Sports columnists Ron Borges, in his wondrous
MSNBC column today, posits
that Lance Armstrong is not a great athlete, and may not really be an athlete at
all. All Lance does, he says, is ride a bike.
Here's our first clue that Ron might not know what he is talking about:
"Does the ability to sit on a skinny bicycle seat for hours on end and pump your
legs like a madman make you a great athlete or merely a guy who does better
without training wheels than most people?" Yes, Ron, it does. Of course, to be
fair, you would also have to add in another few facts (can you say "research"),
- Armstrong's resting heart rate: 32-34 (Just average for an athlete, Ron)
- Time trial pedal rpms: 95-100 (Ron, that's about one and a half
pedal turns per second)
- Climbing rpms: 80-85 (That's about one and a third per second)
- Length of this year's Tour de France: 2073 miles in 23 days (Yeah, but
there are two rest days in there, and Lance has only won three of these so
Still not convinced? Okay, how about this one? Ron says: "That a man can race
around France on a bicycle and live to tell about it is a noble feat, although
I'd think more of it if he actually was (should be "were" Ron) using his feet."
Gee Ron, what part of your body goes on that bike thingy - what's it
called? Oh yeah, the pedal.
Ron also says that Lance's abilities just don't measure up to other sports
stars. No argument that Ron has named some stellar athletes in his feckless
comparison, but I have my doubts whether any that he mention could pedal from
Los Angeles to around Cleveland, one hundred miles a day straight through,
trying to beat almost 200 other finely trained peers doing the same thing.
Ron also conjectures whether Lance could do as well "if someone was playing
defense." (Ron, you really ought to brush up on your use of the subjunctive.)
Well, let's put this in terms you can understand. In football and baseball, you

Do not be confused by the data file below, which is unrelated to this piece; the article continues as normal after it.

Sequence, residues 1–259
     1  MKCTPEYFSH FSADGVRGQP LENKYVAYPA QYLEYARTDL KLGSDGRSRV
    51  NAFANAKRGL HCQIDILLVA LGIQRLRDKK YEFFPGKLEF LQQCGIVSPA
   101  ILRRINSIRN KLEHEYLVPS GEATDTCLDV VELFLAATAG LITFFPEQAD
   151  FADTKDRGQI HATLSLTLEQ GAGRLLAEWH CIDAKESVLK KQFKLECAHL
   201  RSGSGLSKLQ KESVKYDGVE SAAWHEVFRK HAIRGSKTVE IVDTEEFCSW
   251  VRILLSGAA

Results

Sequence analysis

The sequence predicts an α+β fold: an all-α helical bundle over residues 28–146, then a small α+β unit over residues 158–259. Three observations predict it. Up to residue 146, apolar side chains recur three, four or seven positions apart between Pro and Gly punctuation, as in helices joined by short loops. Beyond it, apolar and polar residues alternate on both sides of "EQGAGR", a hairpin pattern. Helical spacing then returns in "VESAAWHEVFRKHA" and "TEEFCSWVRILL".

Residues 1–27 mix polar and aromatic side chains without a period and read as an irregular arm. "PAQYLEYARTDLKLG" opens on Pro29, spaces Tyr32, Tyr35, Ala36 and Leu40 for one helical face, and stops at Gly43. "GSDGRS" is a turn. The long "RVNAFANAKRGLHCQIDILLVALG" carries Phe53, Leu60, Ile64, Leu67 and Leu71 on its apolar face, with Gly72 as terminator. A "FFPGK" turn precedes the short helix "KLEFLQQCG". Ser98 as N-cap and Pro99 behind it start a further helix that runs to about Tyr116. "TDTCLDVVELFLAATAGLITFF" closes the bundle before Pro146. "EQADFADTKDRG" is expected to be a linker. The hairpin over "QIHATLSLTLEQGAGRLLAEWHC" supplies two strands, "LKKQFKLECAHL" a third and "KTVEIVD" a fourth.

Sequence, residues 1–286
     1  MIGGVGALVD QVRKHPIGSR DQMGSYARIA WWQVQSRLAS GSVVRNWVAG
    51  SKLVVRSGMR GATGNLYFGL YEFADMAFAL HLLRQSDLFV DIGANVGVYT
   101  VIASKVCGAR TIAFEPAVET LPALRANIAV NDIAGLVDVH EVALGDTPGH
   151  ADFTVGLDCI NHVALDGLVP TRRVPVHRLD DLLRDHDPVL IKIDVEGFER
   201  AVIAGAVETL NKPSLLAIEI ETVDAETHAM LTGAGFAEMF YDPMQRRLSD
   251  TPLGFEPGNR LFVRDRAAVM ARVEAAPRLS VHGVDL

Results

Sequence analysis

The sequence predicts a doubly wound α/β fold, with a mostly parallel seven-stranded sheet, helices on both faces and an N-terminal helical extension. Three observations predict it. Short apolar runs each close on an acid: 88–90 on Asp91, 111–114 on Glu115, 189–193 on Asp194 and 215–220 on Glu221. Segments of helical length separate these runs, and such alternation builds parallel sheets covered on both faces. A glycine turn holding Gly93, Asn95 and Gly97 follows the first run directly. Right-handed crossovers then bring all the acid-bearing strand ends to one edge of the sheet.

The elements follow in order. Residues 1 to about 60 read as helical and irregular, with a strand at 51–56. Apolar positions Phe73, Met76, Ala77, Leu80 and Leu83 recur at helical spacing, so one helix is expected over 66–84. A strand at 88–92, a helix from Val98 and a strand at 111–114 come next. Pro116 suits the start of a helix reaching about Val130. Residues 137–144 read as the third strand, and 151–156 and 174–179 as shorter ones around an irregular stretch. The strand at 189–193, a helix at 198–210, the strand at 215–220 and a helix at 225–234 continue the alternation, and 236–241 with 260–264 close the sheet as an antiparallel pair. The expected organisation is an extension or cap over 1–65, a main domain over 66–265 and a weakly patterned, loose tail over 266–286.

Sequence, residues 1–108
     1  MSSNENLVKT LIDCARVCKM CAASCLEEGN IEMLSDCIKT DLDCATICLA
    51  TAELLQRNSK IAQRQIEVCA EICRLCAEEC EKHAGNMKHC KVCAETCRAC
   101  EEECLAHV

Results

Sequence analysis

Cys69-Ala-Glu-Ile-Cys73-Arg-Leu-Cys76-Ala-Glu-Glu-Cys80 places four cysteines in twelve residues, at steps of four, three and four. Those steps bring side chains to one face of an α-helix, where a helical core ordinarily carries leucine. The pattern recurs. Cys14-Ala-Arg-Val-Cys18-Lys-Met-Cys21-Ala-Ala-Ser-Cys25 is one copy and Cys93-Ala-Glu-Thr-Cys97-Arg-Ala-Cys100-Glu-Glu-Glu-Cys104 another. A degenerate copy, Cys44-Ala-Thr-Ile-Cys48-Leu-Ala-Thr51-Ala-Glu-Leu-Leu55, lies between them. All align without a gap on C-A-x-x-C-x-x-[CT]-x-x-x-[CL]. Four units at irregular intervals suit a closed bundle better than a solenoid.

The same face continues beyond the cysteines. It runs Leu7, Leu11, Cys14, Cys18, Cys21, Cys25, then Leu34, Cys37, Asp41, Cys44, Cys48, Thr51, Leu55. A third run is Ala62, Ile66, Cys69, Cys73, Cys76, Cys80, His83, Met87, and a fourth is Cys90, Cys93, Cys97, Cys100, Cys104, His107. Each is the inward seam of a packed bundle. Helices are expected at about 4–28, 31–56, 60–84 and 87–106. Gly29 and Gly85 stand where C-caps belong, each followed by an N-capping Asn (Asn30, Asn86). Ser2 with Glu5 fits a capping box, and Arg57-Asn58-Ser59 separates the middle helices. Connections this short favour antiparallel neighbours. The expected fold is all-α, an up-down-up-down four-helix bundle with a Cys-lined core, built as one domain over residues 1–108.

must play against one other team, in one game that lasts, oh, a couple of hours.
Basketball, same. In tennis, one other player. Not so in cycle racing - there
are twenty other teams you defend against, nine team members each, every day for
three weeks, six hours to seven hours per day, pumping your legs up and down as
you put it, in the least amount of time. Defense?
We'll just pass on your nasty little remark about how an unannounced doping
test might spoil a win for Lance, okay? That's obviously just pedal envy.
Instead, let's move on to your idea of what makes the greatest athlete:
"...strength, speed, agility, hand-eye coordination, mental toughness and the
ability to make your body do things that defy description."
Well, how about we look at today's Tour stage, from Aime to Cluses (a measly
88 miles), with downhill speeds surpassing 60 miles per hour (that's on a skinny
bike, Ron) with 10,700 feet of climbing mountains (that's pumping your legs up
and down in the Alps, Ron). Oh yes, and the riders completed it in about six
hours. Making the body do things that defy description? Asked and answered.
At least you do pull yourself out of it long enough to say that if Lance wins
his fourth Tour de France, it "is deserving of praise and recognition." But if
you think that cycle racing is a fringe sport that a few media people are trying to
jam down your throat, or about which "most of the sporting world could care
less," then I have a little advice: First, visit Europe. Then either go back to
sports school, or be prepared to jump out of the way. It's here, buddy, and you
need to get good at reporting it. I suggest you get started now.
Research thanks to letour.fr and lancearmstrong.com.
Note: I'm guessing MSNBC Sports got soundly spanked today, as they have now
published a "counterpoint"
article by another contributor, pointedly trying to soften the noxious
ramblings of the first. They also wrote to Armstrong's organization to make sure
they knew about it. Read it for yourself - if you are still an MSNBC Sports
reader, that is - but beware of the wolf in sheep's clothing.
Whether you love him or hate him, Lance Armstrong rates more credit than
providing "some sweet background noise every July;" little things like the his
Lance Armstrong Foundation's Ride for the Roses Weekend or say, the
worldwide attention he brings professional racing. This article also tells
us "we don't care" about Lance or the USPS team, and how we will cheer "not a
lot, but a little" next July when he shows up again... Nice try.